Mesenchymal stromal cells (MSCs) are multipotent stem cells capable of originating both mesenchymal and nonmesenchymal cell lineages. MSCs present anti-inflammatory properties and are being used with great success as treatment for inflammatory and autoimmune diseases.
Lipids are recognized as key players in cells membrane and signaling, but also in immunity. However, the evaluation of the lipidome of MSCs is scarce in present literature. Few papers demonstrated that lipid metabolism and signaling are modulated during MSCs activation,
The study published by Campos AM et al. (Journal of Cellular Physiology, 2015) evidences that MSCs phospholipid profile changes when these cells are subjected to pro-inflammatory stimulus, induced by the presence of tumor necrosis factor alpha (TNF-a) and interferon gamma (IFN-g).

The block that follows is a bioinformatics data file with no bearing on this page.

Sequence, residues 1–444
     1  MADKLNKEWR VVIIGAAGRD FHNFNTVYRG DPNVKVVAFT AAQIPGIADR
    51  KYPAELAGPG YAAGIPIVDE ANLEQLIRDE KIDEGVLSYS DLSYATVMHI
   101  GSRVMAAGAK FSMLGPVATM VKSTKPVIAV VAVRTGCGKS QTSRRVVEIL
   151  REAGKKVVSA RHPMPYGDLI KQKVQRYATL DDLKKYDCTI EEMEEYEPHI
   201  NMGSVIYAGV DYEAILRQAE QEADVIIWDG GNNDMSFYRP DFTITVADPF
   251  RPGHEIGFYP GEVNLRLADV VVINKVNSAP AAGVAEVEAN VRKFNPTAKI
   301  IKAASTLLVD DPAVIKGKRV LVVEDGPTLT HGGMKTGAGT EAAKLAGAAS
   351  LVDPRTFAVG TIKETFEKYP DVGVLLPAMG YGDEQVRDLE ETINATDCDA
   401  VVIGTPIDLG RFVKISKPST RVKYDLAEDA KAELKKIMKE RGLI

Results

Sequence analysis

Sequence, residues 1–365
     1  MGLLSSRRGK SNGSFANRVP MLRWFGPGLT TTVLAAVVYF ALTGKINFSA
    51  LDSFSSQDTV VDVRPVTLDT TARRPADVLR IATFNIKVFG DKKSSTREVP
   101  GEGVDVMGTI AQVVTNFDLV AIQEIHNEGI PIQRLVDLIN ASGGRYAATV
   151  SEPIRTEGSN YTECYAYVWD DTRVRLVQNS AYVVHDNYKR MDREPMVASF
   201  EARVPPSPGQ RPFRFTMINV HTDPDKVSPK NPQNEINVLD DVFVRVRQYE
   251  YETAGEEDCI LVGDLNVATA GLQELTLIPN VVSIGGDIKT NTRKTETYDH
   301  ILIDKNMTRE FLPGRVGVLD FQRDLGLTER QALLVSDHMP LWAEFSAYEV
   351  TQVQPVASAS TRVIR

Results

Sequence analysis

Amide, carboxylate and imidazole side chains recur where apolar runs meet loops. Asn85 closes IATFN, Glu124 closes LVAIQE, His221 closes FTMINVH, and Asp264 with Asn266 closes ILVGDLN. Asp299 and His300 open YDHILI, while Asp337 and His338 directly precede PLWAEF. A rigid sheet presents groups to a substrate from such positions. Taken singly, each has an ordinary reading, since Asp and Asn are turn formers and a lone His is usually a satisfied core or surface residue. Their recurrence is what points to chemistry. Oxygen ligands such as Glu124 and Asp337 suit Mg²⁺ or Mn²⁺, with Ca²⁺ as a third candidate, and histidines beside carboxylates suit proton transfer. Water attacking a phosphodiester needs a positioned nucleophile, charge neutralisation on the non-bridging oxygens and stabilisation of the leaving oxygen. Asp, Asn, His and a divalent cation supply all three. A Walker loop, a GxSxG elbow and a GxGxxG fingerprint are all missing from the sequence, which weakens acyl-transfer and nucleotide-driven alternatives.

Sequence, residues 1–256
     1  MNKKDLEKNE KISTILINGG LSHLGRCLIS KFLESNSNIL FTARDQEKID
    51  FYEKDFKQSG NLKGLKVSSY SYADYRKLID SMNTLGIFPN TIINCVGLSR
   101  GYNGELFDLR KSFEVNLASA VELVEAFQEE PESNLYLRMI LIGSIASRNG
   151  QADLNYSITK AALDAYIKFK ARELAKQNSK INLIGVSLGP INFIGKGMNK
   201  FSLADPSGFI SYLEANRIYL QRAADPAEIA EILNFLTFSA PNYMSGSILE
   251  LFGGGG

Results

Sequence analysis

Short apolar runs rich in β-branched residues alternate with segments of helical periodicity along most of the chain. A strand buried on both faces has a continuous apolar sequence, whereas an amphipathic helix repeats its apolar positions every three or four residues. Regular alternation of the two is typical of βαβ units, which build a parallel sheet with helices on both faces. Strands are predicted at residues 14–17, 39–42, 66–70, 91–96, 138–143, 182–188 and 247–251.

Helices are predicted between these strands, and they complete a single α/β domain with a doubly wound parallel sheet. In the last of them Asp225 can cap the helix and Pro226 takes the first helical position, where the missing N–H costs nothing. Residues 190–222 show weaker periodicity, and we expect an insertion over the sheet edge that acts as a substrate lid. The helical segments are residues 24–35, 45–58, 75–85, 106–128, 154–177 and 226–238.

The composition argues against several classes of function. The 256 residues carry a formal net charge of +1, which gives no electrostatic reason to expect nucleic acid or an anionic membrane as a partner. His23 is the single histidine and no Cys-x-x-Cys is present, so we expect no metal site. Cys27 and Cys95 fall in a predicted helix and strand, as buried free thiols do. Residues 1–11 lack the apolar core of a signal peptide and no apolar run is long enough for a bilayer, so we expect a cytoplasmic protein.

Major changes in lipid molecular profile of phosphatidylcholine (PC), phosphatidylethanolamine (PE), phosphatidylserine (PS), lysoPC (LPC), and sphingomyelin (SM) classes were found.
The levels of PC species with shorter fatty acids (FAs), mainly C16:0, decreased under pro- inflammatory stimuli. The level of PC(40:6) also decreased, which may be correlated with enhanced levels of LPC(18:0), which is known to be an anti-inflammatory LPC, observed in MSCs subjected to TNF-a and IFN-g.
Simultaneously, the relative amounts of PC(36:1) and PC(38:4) increased. TNF-a and IFN-g also enhanced the levels of PE(40:6) and decreased the levels of PE(O-38:6). Higher expression of PS(36:1) and SM(34:0) along with a decrease in PS(38:6) levels were observed.
These results indicate that lipid metabolism and signaling are modulated during MSCs activation, which suggests that lipids may be involved in MSCs functional and anti-inflammatory activities. Membrane lipidomics seems to influence many fundamental MSC biological properties and this is a field still non considered by most stem cell laboratories